Lawyer’s joy after halting Jamaican deportation

Champagne corks must have been popping in the offices of a number of law firms this week. The celebratory mood was epitomised perhaps by the first three words of a tweet from one law firm in the small hours of Wednesday. The three words in question were: ‘What a result.’

It was the kind of reaction you would expect from, say, the scientists responsible for the vaccine breakthroughs.

In fact, the lawyer, whose firm is based in the heart of London’s legal establishment, had just succeeded in obtaining an injunction to prevent ‘our Jamaican client’ being kicked out of the country.

Priti Patel, pictured, was disappointed this week after 'lefty lawyers' foiled her attempts to deport a group of Jamaican criminals on a specially-chartered aircraft

Priti Patel, pictured, was disappointed this week after 'lefty lawyers' foiled her attempts to deport a group of Jamaican criminals on a specially-chartered aircraft

Priti Patel, pictured, was disappointed this week after ‘lefty lawyers’ foiled her attempts to deport a group of Jamaican criminals on a specially-chartered aircraft

His ‘client’, whose precise offence is not known, was among the band of criminals — including murderers, rapists and drug dealers — removed from a deportation flight to the Caribbean following last-minute legal challenges. Surely no one apart from the ‘Leftie lawyers’ (Home Secretary Priti Patel’s description) making a handsome living out this kind of work and the individuals they represented on that plane would regard what happened as a victory.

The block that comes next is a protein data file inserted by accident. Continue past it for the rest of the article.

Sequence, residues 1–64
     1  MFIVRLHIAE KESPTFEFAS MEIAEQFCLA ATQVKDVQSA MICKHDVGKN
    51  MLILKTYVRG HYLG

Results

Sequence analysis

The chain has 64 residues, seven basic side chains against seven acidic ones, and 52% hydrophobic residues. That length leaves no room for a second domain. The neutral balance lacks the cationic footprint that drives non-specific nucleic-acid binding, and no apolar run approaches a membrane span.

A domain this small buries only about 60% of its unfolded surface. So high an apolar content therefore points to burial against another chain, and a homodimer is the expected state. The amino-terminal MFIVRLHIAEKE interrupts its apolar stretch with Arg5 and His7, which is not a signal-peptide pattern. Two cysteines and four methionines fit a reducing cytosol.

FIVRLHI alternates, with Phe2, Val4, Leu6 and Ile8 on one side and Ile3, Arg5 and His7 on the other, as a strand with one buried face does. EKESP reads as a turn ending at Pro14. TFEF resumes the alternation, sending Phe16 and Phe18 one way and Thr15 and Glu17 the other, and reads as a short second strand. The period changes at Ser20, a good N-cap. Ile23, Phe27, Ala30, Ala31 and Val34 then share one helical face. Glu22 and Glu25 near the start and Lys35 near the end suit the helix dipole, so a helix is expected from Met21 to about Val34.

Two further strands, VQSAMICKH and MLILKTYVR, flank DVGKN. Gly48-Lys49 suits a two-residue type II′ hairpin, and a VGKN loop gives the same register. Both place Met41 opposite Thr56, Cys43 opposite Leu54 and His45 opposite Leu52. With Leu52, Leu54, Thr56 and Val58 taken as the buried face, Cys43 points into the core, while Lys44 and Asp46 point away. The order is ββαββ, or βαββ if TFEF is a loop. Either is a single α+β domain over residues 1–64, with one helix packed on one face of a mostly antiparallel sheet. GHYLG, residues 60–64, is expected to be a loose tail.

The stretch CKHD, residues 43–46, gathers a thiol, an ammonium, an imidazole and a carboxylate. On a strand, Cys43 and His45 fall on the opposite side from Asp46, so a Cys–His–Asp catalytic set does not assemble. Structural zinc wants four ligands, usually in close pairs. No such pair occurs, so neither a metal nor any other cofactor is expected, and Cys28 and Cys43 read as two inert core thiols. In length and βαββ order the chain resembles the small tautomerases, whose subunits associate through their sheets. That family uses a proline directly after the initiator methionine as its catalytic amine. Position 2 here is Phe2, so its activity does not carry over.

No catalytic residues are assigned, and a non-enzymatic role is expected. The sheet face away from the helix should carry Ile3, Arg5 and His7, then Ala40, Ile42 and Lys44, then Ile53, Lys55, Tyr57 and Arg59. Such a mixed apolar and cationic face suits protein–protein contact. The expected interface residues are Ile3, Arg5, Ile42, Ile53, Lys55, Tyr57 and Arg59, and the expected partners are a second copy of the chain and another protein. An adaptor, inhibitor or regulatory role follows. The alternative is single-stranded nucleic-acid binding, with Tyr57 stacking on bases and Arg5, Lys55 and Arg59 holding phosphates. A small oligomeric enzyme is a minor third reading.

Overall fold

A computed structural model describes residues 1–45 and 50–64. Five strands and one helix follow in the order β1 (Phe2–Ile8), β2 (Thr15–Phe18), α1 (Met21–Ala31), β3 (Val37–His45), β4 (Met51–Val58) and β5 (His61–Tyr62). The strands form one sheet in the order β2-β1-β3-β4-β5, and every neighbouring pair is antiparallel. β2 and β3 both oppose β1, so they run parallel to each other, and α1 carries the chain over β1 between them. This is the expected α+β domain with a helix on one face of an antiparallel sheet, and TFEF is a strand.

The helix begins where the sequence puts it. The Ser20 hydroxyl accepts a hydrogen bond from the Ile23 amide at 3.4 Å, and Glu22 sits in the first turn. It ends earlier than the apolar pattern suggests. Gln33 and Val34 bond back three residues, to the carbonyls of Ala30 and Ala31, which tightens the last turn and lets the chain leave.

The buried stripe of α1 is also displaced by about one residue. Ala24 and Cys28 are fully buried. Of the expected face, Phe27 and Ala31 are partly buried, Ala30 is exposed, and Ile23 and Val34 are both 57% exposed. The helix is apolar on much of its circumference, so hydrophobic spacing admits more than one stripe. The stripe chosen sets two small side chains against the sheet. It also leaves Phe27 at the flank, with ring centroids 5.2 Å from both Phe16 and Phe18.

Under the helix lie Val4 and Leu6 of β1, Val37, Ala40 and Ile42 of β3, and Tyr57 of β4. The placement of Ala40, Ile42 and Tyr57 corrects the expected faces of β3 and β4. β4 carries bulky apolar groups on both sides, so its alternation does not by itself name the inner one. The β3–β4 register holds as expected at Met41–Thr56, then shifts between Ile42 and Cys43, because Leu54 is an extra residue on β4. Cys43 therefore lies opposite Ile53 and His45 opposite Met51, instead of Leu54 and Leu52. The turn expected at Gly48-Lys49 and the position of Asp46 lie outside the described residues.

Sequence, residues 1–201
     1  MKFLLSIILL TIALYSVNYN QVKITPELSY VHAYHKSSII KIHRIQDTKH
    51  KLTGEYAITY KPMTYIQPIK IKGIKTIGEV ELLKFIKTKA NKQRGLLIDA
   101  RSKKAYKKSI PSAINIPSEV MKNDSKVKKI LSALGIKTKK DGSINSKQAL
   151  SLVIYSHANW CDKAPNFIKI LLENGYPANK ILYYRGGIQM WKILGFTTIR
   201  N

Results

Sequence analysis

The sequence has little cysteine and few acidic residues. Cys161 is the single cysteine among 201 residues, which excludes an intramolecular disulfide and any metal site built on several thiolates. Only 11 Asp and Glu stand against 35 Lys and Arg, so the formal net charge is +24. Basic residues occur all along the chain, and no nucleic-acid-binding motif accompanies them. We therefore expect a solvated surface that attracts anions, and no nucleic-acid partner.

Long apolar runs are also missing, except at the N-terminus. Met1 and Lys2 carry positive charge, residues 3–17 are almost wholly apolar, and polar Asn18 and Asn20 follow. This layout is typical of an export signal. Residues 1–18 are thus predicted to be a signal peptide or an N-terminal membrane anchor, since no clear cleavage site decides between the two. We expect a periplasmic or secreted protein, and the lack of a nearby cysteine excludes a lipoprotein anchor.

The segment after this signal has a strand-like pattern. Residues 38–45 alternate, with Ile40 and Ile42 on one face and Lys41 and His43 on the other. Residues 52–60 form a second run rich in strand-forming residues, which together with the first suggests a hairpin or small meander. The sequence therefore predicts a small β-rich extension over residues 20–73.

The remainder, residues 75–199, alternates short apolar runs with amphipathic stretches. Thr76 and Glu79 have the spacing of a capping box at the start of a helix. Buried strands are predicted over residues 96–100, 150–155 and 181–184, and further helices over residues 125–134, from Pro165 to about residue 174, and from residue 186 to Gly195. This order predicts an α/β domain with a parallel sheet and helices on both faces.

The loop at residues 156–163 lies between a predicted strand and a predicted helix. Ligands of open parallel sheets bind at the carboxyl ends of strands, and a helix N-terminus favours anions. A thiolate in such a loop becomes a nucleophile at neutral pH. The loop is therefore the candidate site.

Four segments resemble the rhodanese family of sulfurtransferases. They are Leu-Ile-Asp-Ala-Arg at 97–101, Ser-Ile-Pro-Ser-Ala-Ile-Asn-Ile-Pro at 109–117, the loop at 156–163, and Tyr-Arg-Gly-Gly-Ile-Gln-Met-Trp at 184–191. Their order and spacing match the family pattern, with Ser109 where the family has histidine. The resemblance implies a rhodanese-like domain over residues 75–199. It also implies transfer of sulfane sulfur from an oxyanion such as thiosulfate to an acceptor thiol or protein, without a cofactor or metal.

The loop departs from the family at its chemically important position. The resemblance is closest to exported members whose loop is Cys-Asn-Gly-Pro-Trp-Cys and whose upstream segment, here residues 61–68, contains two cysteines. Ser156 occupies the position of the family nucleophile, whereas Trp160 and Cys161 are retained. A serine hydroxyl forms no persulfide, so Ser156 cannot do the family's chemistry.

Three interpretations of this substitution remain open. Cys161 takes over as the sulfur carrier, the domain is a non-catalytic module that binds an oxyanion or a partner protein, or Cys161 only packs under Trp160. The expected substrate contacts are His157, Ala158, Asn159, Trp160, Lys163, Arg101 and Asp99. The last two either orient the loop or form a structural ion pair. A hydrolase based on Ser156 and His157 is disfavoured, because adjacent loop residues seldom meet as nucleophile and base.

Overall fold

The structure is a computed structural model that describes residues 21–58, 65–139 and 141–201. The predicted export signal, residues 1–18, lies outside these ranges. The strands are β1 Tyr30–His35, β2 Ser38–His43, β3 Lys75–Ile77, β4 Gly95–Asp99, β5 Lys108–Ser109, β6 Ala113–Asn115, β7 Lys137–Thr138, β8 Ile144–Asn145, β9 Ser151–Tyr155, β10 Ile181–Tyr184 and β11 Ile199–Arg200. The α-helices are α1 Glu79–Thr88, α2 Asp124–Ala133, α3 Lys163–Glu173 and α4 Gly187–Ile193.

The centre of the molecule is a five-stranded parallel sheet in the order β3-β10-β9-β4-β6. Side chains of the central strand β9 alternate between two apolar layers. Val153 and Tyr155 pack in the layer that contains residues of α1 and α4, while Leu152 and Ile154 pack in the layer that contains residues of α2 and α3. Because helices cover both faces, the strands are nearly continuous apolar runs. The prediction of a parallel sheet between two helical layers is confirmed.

The lawyer’s tweet in full read: ‘What a result, fresh reps [representations] submitted for our Jamaican client.

‘Reps submitted at 23.30 and then an out of hours injunction granted at 00.45. Close call but was taken off the flight.’

It was posted under the hashtag #Jamaica 50 — a reference to the fact that only 13 criminals from the original list of 57 were on board the Home Office charter plane which took off from Stansted Airport.

At least the lawyer himself was acting pro bono — for free. And his client — a Jamaican national and father of five who served time for ‘substance abuse’ — admittedly may not have been the most dangerous individual on the plane. The lawyer would not disclose the offence but says he was not a ‘drug dealer’ when we contacted him yesterday.

‘He served his sentence and has rehabilitated himself and became a family man,’ he said. ‘He has a British wife and kids here in the UK.’ Nevertheless, at a time of rising crime in an increasingly lawless Britain, many will find his tweet and the gleeful outpourings on social media of other lawyers at the heart of this controversy distasteful.

The lawyer who posted that late-night tweet did also concede that ‘there were some people on the flight who had been convicted of heinous crimes, which you cannot condone’.

Among the criminals Home Secretary Priti Patel sought to deport was Jermaine Stewart from Liverpool who was jailed in 2014 for raping a woman who fell asleep on his sofa

Among the criminals Home Secretary Priti Patel sought to deport was Jermaine Stewart from Liverpool who was jailed in 2014 for raping a woman who fell asleep on his sofa

Among the criminals Home Secretary Priti Patel sought to deport was Jermaine Stewart from Liverpool who was jailed in 2014 for raping a woman who fell asleep on his sofa